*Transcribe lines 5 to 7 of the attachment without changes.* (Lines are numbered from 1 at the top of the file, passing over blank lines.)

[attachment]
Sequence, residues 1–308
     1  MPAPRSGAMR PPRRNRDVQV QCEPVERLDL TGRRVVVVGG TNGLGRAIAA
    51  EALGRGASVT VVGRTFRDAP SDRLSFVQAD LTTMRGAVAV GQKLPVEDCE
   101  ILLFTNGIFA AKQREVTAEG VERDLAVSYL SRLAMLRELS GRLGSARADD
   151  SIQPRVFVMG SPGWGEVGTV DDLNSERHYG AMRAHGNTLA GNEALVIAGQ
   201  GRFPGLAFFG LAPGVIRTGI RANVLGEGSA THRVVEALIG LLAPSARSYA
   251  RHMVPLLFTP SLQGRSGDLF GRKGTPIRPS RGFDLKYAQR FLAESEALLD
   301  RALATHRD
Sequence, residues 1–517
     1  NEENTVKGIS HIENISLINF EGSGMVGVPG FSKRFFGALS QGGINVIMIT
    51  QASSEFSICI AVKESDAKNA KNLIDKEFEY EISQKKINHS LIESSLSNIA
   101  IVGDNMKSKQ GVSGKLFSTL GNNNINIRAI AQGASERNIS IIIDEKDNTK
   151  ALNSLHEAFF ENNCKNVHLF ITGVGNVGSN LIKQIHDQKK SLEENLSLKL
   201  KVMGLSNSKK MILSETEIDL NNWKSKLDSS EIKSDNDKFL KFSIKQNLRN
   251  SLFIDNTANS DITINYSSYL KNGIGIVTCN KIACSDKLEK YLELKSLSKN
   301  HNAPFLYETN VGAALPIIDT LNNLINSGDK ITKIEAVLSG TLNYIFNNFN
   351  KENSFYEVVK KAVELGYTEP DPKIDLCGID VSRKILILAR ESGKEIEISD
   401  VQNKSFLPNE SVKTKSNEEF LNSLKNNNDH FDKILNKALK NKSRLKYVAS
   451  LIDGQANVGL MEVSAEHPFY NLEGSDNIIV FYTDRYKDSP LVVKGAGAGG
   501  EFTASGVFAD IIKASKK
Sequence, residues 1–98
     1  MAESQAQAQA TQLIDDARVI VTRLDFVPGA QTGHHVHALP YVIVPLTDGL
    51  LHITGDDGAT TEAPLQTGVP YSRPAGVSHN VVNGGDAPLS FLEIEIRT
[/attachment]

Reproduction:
   151  SIQPRVFVMG SPGWGEVGTV DDLNSERHYG AMRAHGNTLA GNEALVIAGQ
   201  GRFPGLAFFG LAPGVIRTGI RANVLGEGSA THRVVEALIG LLAPSARSYA
   251  RHMVPLLFTP SLQGRSGDLF GRKGTPIRPS RGFDLKYAQR FLAESEALLD